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The practice is not about eastern philosophical mumbo-jumbo or moral education, yet both happen. The practice is about combat. When I practiced with the old men, no confusion or internal argument clouded their actions. These compassionate and loving men would destroy in an instant.

Here was the example experienced. Avoid combat, but once joined, someone dies. If your partner in this dance disengages or can no longer dance, then combat avoided. But, while joined, the roles were set; they were the killers and their partners were dying. I don’t mean that they hurt me during practice, unless I misstepped, which I did often enough. Their relentless motiveless actions, falling like sea waves and not engendered by fear or selfishness, came from nothing.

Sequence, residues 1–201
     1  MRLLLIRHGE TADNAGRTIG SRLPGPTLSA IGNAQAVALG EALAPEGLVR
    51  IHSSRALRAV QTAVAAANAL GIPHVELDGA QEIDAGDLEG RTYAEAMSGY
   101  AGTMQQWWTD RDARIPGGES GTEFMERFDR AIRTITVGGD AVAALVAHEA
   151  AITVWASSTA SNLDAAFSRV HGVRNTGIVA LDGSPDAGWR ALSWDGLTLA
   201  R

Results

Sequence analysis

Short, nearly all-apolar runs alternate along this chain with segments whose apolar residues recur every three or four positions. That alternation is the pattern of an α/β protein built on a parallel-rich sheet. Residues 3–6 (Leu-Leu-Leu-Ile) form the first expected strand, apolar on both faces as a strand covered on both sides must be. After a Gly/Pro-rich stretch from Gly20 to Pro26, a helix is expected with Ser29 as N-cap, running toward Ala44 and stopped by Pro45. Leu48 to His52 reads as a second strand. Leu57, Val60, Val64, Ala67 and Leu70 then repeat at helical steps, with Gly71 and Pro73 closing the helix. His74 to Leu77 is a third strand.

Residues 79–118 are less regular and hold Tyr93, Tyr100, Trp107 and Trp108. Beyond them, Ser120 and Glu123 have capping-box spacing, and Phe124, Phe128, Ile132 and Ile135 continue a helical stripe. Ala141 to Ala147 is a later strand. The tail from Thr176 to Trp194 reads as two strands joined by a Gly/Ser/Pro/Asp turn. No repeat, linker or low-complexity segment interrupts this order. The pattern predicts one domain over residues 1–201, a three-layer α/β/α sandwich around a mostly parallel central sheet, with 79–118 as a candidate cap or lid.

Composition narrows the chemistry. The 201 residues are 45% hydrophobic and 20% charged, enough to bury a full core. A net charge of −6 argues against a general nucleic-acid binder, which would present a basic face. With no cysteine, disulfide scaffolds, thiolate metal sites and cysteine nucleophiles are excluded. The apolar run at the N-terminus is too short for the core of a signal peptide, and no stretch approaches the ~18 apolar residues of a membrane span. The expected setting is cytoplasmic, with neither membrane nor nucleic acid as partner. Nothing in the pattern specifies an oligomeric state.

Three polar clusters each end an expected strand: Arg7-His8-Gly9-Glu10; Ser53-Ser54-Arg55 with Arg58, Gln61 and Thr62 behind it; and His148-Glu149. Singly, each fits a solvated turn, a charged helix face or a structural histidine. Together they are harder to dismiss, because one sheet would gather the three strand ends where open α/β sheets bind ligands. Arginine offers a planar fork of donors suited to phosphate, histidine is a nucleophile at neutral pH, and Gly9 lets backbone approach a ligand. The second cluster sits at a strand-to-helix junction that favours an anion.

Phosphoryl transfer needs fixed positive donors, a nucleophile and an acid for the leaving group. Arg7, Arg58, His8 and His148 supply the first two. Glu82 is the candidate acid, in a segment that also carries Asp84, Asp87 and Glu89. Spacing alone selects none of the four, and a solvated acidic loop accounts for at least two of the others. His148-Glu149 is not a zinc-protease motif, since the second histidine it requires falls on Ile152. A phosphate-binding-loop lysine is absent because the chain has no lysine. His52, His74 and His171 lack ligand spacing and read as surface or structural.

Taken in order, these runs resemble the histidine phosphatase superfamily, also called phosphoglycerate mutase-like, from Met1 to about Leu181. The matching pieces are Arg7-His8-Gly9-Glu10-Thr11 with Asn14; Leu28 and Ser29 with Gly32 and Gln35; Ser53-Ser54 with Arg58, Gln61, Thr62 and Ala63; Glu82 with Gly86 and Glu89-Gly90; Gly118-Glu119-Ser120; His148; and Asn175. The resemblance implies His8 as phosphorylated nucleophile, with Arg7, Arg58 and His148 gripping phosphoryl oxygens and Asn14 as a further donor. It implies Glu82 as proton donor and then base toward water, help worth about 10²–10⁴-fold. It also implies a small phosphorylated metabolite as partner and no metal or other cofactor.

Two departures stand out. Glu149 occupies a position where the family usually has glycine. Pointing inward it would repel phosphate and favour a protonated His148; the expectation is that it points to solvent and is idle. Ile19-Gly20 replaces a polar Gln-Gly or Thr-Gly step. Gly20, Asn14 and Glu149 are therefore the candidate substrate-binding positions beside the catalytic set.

Disparity of skill wasn’t the issue; they had no purchase onto which I could grasp. Like the pristine note of a violin sounding in a bell jar, their response would transfix me. As if my death had been destined, I could not escape, and I knew that if they perished in the process we would leave no hole in the world.

They taught me that fearing loss and the attendant debate clouds action. By the time I graduated from high school, I had seen what everyone thought was mysterious and should be feared most. I had learned that suicide is superfluous and a quiet mind allows better decisions. This was a good lesson for an abnormal kid, one that let me look anyone in the eye.


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